How to Handle Culture Stress
In the last 18 years, I have traveled to countries on nearly every continent. Every country I traveled to has taught me about culture and about myself.
Through my travels, I have experienced things completely foreign to my definition of normal.
I have bathed and washed my hair in a bucket, slept in a treehouse, eaten with monkeys, been roommates with scorpions, used two boards as a toilet, traveled through the mountains in the back of a pickup truck and eaten foods I can’t pronounce.
All of these experiences, while exciting, triggered culture stress in me, which can affect your mind, body and emotions.
If you travel abroad, you may have similar experiences of culture stress. But you don’t have to face them unprepared. From one traveler to another, here are my best tips for identifying culture stress and handling it well.
Culture Shock vs. Culture Stress
You have likely heard the term “culture shock” before. While connected to culture stress, culture shock is experienced differently.
Culture shock is defined as a sense of cultural disorientation when exposed to or immersed in a different society. It can also manifest itself when cultural expectations are unmet.
Culture shock generally moves through four different phases:
- Honeymoon (“Wow, this is great!”)
- Frustration (“What have I done?”)
- Recovery (“I think I can, I think I can…”)
- Acceptance (“I love these people. I don’t want to go home!”)
I’ve experienced this during my travels when “normal” activities were suddenly not normal to me anymore.
Culture stress is defined as the relearning of daily routines that are now unfamiliar and unknown, resulting in making new decisions constantly.
Culture stress happened to me as the days went on, and my new daily routine started to weigh on me. I was functioning but on a very limited level. I felt anxious and, at times, scared of some of my circumstances. Culture stress can bring on new levels of fatigue and discouragement.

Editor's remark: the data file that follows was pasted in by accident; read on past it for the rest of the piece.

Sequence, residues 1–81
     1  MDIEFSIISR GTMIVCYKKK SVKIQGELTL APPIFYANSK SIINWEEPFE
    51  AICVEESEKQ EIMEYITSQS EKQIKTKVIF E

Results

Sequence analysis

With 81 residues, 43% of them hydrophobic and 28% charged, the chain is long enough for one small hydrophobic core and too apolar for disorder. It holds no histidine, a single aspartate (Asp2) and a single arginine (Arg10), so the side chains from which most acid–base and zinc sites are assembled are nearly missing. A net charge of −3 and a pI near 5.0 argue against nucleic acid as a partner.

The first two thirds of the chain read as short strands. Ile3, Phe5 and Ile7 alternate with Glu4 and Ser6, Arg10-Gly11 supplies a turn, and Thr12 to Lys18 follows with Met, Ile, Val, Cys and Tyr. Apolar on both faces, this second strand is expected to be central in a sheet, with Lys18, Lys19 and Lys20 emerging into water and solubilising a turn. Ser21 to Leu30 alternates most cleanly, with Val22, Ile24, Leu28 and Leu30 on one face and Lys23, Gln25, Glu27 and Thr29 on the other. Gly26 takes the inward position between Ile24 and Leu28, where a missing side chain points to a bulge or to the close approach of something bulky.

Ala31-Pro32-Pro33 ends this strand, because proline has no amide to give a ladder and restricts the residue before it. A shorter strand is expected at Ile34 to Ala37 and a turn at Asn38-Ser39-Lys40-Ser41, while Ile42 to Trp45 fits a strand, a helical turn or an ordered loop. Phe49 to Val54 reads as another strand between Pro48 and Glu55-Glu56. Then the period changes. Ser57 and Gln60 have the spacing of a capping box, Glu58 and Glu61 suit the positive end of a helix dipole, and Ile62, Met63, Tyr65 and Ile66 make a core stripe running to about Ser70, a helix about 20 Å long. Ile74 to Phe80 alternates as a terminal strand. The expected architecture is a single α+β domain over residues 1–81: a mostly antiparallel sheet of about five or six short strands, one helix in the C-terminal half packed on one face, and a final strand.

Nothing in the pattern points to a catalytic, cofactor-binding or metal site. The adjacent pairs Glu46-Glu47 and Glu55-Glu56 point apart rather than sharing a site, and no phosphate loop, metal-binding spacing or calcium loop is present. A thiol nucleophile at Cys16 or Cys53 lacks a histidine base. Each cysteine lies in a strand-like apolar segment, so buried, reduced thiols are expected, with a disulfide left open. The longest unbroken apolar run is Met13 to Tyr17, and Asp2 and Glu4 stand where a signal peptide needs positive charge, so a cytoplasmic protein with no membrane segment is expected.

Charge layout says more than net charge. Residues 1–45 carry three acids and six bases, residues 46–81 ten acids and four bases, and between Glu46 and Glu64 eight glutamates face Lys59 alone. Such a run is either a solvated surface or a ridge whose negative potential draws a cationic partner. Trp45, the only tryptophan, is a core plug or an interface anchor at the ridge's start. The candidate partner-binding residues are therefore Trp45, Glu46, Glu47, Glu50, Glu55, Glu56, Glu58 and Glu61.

Other signs you are experiencing culture stress are negativity, frustration, depression, homesickness, anger and even physical illness.
How to Handle Culture Stress
It is normal to experience culture stress, but you don’t want to stay there forever. Here are some ways to process your new way of life, attitudes and cultural norms:
Remember, God is with you. The stresses of entering another culture can lead us to overemphasize our circumstances and deemphasize the ministry God has for us there. Staying connected to God through His word helps me know He doesn’t need me but is allowing me to join Him in the work He is doing.
Talk to someone. Tell your supervisor or teammate how you are feeling. Speaking my feelings out loud seems to bring them into perspective. They aren’t quite so ominous anymore. Ask your co-workers to pray with you. Ask the Lord to give you a love for the people you are serving and strength to overcome the struggles you are experiencing.